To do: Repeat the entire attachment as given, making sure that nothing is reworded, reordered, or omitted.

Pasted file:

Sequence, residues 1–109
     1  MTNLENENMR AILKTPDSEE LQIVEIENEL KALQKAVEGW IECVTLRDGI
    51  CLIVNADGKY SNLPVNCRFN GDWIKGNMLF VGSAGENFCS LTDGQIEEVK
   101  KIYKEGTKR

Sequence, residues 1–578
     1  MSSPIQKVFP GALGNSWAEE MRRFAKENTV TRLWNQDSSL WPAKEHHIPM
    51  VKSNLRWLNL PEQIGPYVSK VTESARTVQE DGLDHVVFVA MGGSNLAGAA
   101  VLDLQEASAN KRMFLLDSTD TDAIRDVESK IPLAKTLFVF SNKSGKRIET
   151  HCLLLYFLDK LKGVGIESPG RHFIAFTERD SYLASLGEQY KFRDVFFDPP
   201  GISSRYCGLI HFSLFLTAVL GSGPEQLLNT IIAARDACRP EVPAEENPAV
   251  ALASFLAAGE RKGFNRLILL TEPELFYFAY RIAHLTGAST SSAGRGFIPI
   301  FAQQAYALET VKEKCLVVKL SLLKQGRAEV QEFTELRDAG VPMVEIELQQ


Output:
Sequence, residues 1–109
     1  MTNLENENMR AILKTPDSEE LQIVEIENEL KALQKAVEGW IECVTLRDGI
    51  CLIVNADGKY SNLPVNCRFN GDWIKGNMLF VGSAGENFCS LTDGQIEEVK
   101  KIYKEGTKR

Sequence, residues 1–578
     1  MSSPIQKVFP GALGNSWAEE MRRFAKENTV TRLWNQDSSL WPAKEHHIPM
    51  VKSNLRWLNL PEQIGPYVSK VTESARTVQE DGLDHVVFVA MGGSNLAGAA
   101  VLDLQEASAN KRMFLLDSTD TDAIRDVESK IPLAKTLFVF SNKSGKRIET
   151  HCLLLYFLDK LKGVGIESPG RHFIAFTERD SYLASLGEQY KFRDVFFDPP
   201  GISSRYCGLI HFSLFLTAVL GSGPEQLLNT IIAARDACRP EVPAEENPAV
   251  ALASFLAAGE RKGFNRLILL TEPELFYFAY RIAHLTGAST SSAGRGFIPI
   301  FAQQAYALET VKEKCLVVKL SLLKQGRAEV QEFTELRDAG VPMVEIELQQ